Remi Verchot

turns wood at his home in southeastern France. Mark Sfirri> a professional woodturner % also contributed to this article.

Remi VerchotBuilding Spray Booth For Cabinets

The author's cardboard booth sets up in minutes in front of a window, and is ideal for spraying small work with water-based finishes. A fan pl<iced in the window pulls spray fumes outside.

Finish small projects in a booth you can build for under $20

by Michael Dresdner

Commercially built spray-finishing booths cost thousands of dollars, and they're usually worth the investment. Outfitted with air filtration, explosion-proof fans, and high-tech features, these finishing rooms guarantee the safe, controlled environment that full-time spray finishing requires.

But where docs this leave the rest of us? Even for a small-shop woodworker, a spray booth is essential if you want to spray finishes. In this article, I'll show you a collapsible bcnchtop booth based on a simple box fan. There is one important warning, though: This booth is designed only for spraying nonflammable materials, such as waterborne coatings. Do not use it for solvent-based finishes!

How It Works

No matter how well you aim the spray gun at the wood, a certain amount of finish escapes as airborne mist called overspray. This cloud of fumes can settle on everything in the shop, smell bad, and stick to your newly applied finish, leaving it rough as sandpa per. A well-designed spray booth will capture the over-spray and direct it out of the building, away from you and your work.

In its simplest form, a spray booth is an air funnel. You stand at the large end spraying into the funnel; a fan at the small end draws "dirty* air out. Clean air should come in as straight a line as possible past you, and continue past the work being sprayed. There it becomes "dirty" with overspray and fumes before it continues out of the room. When the booth works correctly, you are always in the path of (and breathing) clean air. Air laden with fumes and mist is headed straight our of the building. A filter in front of the fan protects it from finish buildup.

My booth consists of a cardboard-shrouded fan sitting in the open window of my shop just above the bench. I turned the fan on its side so I can reach the speed-control dial easily. Cardboard taped to the bcnchtop keeps the surface clean while I spray. Once I'm finished, I remove the fan, fold the shroud up flat at its two duct-tape "hinges," and close the window. The whole unit stores below the bench and sets back up in under two minutes.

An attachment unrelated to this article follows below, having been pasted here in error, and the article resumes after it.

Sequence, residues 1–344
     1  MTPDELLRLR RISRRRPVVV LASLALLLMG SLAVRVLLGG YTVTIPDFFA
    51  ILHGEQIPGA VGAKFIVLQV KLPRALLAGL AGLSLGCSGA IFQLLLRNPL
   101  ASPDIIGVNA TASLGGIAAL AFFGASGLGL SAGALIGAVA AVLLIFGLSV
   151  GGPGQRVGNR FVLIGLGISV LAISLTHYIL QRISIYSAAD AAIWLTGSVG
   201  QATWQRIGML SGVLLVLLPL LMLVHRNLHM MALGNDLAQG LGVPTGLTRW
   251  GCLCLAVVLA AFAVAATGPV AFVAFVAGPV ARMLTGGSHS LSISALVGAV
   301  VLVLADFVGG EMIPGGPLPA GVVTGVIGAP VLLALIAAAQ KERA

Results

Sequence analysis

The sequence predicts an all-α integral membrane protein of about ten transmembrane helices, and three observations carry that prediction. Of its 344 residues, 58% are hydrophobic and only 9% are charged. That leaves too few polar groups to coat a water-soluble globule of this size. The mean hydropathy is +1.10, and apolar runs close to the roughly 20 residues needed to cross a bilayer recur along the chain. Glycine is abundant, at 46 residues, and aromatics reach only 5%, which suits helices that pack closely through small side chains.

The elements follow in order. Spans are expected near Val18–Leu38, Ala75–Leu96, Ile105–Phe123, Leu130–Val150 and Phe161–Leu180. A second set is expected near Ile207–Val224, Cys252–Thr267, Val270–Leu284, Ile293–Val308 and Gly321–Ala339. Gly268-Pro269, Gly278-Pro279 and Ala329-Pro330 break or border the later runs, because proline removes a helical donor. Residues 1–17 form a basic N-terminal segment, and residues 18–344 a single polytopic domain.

Building the Booth

For the small benchtop booth in the photo, I bought an inexpensive ($14) 20-in. box fan with three speeds. The "shroud" that forms the funnel is made from pieces of corrugated cardboard and some duct tape. The filter is a $ 1 furnace filter (available at home centers) secured with removable masking tape. When it gets gummy and clogged with accumulated finish, you simply replace it. Including the trip to the store, I spent less than $20 and two hours on the whole project, and it works like a charm.

Start with three pieces of corrugated cardboard about 18 in. wide. You'll need two sides about 3 ft. long and a top about 4 ft. long. Lay out the parts as shown in the bottom drawing, then cut them to size. I used a protractor to lay out one 120* angle, cut out that piece, then used the cut piece to lay out the angles on the remaining pieces. If your fan is smaller or larger than 20 in., alter the dimensions to suit as shown in the drawing.

With the parts cut and laid flat on the benchtop, match up the mitcrcd angles as shown in the drawing, and tape all three pieces together with duct tape. Make sure to tape both sides of each joint. Now stand the assembly upright and secure the filter to the inside of the shroud with masking tape and you have your booth.

On my booth, the sides extend below the fan so that they meet the top of my bench. To protect the wall at the rear of my bench from overspray, I taped an additional panel of cardboard between the two sides of the booth. Set your booth up whatever way is most convenient for your work area.

One Final Accessory

A useful accessory to your spray booth is a small turntable. (Sec photo.) With a turntable, you can turn whatever you're spraying so that a new side faces you, while still aiming the spray at the fan.

Make your turntable with lazy-Susan hardware and some plywood, or buy a small commercial turntable from an art supply store. A

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